PRISM Could Put the Kibosh on US Trade Abroad
Europeans are not taking revelations about the U.S. government's PRISM surveillance program in stride, and that could be exceedingly bad for U.S. businesses. One sector that's already seeing cause for alarm is cloud services. Interest in using U.S.-based cloud service providers has dramatically waned since PRISM erupted -- and things could get much worse, a recent survey found.
Jul 26, 2013 5:00 AM PT
American cloud service providers seeking to do business abroad are feeling the fallout from the NSA's PRISM surveillance program, suggests a month-long online survey the Cloud Security Alliance initiated in June.
Fifty-six percent of more than 200 overseas respondents said they were less likely to use United States-based cloud providers, and another 10 percent had canceled projects to use U.S.-based cloud service providers.
However, 64 percent of more than 220 U.S.-based respondents said the disclosures about PRISM had not made it more difficult for them to do business, and only 36 percent said they did.
"IDC estimated revenue from cloud computing in the United States would grow to about US$43.2 billion by 2016, while the worldwide market for cloud computing will be worth $206.6 billion," Daniel Castro, senior analyst at the Information Technology & Innovation Foundation, told the E-Commerce Times.
Even a small loss in the share of a market that size, which is growing rapidly, "translates into serious economic consequences in terms of jobs and revenue," Castro continued.
Gleaned From the Survey
The survey drew responses from more than 450 CSA members worldwide.
The Patriot Act should be modified to provide greater transparency and tighten the oversight of permitted activities to mitigate concerns about PRISM, 45 percent of the 423 respondents on this issue said. Another 41 percent called for the Patriot Act to be repealed.
A question about transparency drew 438 respondents, 91 percent of whom said companies subpoenaed under FISA or other aspects of the Patriot Act should be able to publish summaries about the number of responses they have made.
Transparency has become the focus of efforts to modify the NSA's surveillance. Those challenges have come from corporations, public interest and privacy groups, and other organizations.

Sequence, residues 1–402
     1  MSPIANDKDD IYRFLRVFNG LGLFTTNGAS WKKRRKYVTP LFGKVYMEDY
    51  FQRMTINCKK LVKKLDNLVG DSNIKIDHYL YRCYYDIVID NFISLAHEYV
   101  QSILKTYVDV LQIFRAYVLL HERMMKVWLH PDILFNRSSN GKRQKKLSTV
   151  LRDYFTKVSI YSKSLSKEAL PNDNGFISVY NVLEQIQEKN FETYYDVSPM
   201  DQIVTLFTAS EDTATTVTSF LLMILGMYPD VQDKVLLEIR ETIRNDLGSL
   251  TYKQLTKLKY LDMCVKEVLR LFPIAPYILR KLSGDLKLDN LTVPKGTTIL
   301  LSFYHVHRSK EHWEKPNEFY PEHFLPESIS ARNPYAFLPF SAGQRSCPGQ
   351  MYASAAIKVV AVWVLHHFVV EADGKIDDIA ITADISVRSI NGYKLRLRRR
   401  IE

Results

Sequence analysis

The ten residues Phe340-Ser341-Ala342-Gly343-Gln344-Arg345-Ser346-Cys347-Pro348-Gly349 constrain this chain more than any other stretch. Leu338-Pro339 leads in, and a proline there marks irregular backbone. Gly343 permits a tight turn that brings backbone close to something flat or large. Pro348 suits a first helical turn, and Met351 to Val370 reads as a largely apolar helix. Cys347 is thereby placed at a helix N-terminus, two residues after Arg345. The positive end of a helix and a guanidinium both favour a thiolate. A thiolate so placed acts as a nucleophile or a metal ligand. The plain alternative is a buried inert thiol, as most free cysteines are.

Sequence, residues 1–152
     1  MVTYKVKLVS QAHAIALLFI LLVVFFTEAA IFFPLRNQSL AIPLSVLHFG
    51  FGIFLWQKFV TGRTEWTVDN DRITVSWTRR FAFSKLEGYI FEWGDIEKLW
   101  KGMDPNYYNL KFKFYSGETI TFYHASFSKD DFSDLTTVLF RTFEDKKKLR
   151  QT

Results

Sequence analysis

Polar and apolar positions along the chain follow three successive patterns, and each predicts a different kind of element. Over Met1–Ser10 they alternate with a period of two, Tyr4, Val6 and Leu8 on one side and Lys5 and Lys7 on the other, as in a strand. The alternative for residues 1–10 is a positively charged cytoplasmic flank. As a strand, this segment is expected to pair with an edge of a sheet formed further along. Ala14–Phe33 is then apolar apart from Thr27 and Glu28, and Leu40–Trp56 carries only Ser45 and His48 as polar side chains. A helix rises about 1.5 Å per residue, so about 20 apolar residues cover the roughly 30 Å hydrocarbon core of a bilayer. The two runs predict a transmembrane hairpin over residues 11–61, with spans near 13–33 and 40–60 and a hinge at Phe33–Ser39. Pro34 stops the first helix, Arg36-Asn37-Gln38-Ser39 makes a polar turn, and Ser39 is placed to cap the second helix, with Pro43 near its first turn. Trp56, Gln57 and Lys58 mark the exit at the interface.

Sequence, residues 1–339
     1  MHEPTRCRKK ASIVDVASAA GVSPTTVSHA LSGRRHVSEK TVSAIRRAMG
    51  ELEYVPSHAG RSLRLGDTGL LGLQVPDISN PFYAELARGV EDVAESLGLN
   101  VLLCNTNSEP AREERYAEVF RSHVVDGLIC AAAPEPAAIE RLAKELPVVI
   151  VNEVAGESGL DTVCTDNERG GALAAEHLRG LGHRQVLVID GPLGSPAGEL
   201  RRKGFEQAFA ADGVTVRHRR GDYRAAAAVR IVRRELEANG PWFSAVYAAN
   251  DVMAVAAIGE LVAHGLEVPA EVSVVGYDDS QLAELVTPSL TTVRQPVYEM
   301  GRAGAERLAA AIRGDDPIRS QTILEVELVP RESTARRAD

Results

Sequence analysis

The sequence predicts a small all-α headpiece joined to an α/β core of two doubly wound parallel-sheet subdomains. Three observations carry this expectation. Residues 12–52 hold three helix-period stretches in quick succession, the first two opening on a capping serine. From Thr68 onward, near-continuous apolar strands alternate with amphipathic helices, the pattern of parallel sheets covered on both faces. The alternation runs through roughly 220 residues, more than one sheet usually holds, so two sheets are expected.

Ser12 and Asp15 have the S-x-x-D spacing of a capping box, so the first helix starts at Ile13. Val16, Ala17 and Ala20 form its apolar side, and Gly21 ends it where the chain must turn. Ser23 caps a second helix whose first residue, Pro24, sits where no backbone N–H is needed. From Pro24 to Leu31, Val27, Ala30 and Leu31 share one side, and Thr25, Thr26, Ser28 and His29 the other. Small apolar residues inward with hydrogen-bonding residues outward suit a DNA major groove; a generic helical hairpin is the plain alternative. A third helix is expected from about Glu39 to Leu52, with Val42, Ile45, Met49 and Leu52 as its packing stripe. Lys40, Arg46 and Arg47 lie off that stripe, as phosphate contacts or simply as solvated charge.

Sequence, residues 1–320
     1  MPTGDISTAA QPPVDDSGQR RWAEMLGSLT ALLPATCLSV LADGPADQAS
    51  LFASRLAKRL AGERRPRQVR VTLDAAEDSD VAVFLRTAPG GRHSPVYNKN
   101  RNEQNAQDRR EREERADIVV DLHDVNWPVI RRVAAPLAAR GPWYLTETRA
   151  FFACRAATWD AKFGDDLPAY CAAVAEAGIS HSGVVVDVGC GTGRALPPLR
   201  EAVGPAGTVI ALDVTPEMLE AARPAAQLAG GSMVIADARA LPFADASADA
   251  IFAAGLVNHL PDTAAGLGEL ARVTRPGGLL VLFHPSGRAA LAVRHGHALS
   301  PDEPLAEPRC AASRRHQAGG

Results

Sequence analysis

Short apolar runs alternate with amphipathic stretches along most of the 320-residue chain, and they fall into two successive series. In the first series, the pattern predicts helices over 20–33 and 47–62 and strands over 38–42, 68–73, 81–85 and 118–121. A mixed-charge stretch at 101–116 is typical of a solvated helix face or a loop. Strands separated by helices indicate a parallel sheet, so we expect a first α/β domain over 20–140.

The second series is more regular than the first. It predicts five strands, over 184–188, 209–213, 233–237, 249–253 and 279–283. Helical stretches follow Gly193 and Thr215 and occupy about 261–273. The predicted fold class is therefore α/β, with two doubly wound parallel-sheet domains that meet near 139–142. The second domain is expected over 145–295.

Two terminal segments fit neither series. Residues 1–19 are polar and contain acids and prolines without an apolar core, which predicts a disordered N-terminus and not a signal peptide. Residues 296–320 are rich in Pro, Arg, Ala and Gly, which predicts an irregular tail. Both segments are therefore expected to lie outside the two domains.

Google has called for more transparency, as has Microsoft, and Sen. Patrick Leahy, D-Vt., has introduced legislation to limit domestic surveillance.
Making America Uncompetitive
"Cloud service providers, companies doing SaaS, are all moving towards a majority of the revenue being outside of the U.S., which is a shrinking part of the overall global market," Jim Reavis, cofounder and executive director of the CSA, told the E-Commerce Times.
That won't be good for trade -- the U.S. trade deficit increased from about $40 billion in April to $45 billion in May, U.S. Census Bureau figures show.
Microsoft, which is planning to move from selling software packages to offering subscription-based services through the cloud, might have to rethink things, and it might further lose sales to governments and individuals abroad because of the ripple effect from the PRISM revelations.
It Ain't Me, Babe
The majority of potential cloud services customers concerned about PRISM are in Europe, "but it will spread to other areas as well," the CSA's Reavis predicted. "If this doesn't get fixed, we're looking at some big numbers."
Germany has called for strict global rules on the protection of personal data and criticized the NSA's spying on its citizens, while two French human rights groups have filed suit against the NSA, the FBI, and several U.S. high-tech firms reported to be involved in the PRISM program.
However, protests from Germany and the rest of Europe ring hollow, as Edward Snowden, who leaked details of the PRISM program, has said that governments there have worked closely with the NSA on a no-questions-asked basis.
Still, "long term, the question is whether a country steps in to be the equivalent of a digital Switzerland or digital Cayman Islands," Castro said. "If that happens, the U.S. will either have to adapt or say goodbye to its long-term prospects as a top exporter of digital goods and services."